From the bedroom window I can see the lighthouse, but also a tree with a pair of shoes dangling on their strings on one of the branches. They have been there for years now. In summer, they are a bit out of vision, but when all the leaves have fallen, they appear again.
If I look outside, thinking about nothing much but sentences to write, questions arise. How long can a pair of shoes hang on a treebranche? Without rotting? And the shoestrings, how long can they survive all sorts of weather before they land on someones head? Why do they hang there anyway? Who did it?
I think perhaps it happened after the local marathon here, that for a reason I don’t quite grasp, always takes place in November, when the weather is worst. Was someone happy he made it? Or were those shoes part of the container full of sportingshoes made in Asia that stranded here some years ago and someone just had too many of them, combing the beach? The beach was full of shoes then. It was on national tv for days. Even now you can find them on sale here and there on the island.
During the autumn holidays, from my bedroomwindow I overheard a man, a pensioner with not much to do I suppose, and two German tourists, a man and a woman with a small rucksack. They looked as if the had the intention to go and walk quite a bit.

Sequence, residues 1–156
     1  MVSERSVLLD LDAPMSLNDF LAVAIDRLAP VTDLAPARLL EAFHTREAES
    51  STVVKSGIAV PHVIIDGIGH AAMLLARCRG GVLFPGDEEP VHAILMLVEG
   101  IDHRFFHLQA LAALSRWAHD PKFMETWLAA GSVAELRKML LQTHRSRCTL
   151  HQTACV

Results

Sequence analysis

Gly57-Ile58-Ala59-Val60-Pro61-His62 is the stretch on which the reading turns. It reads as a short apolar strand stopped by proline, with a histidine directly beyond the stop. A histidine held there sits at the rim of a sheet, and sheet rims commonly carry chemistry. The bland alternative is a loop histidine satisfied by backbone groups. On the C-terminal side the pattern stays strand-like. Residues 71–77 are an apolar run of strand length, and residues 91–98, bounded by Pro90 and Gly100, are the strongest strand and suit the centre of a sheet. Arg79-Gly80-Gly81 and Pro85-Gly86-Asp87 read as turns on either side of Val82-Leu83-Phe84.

The stopped under the tree.
“Look now!” the woman said surprised. They stared above them with a sort of eagerness only tourists have. They were willing to take in everything on their walk, not just the fresh air, but all of the environment. Even a pair of unimportant shoes.
“We do that with old shoes, it is for good luck,” the pensioner said in his best German, trying to make them believe it was a sort of local tradtion.
They did not believe him I think. After all, shoes dangling on tree branches, that is not so unique, you can see that everywhere in the world I suppose.
They smiled politely, or scared because he, coming out of the blue, started to talk to them just like that, and walked away rapidly. The couple also got into an ugly and loud argument later on in the street. I could not overhear what is was about, although my window was open by then. But it was bad!
I closed the window and started thinking. Perhaps the pensioner was right somehow. Perhaps someone had really thrown these shoes in the tree for good luck. People do the funniest things that way. Perhaps it had helped, even.
A day later I saw the tourists again, they were strolling in one of our 2 streets with shops, walking hand in hand. The argument was over, I suppose. And the man had purchased a pair of obvious “Beach shoes” somewhere, that was dangling on his rucksack.
Now had he thrown some old ones in a tree for good luck? I wondered.
He looked quite happy. And so did his female companion. Did one thing have to do with the other?
Those shoes will keep dangling for who knows how long. I am used to them. They are a part of the tree. As if they have always been there. For good luck.
I wrote this posting last year. This winter, one of the shoes fell down. So now the other is hanging there, all alone…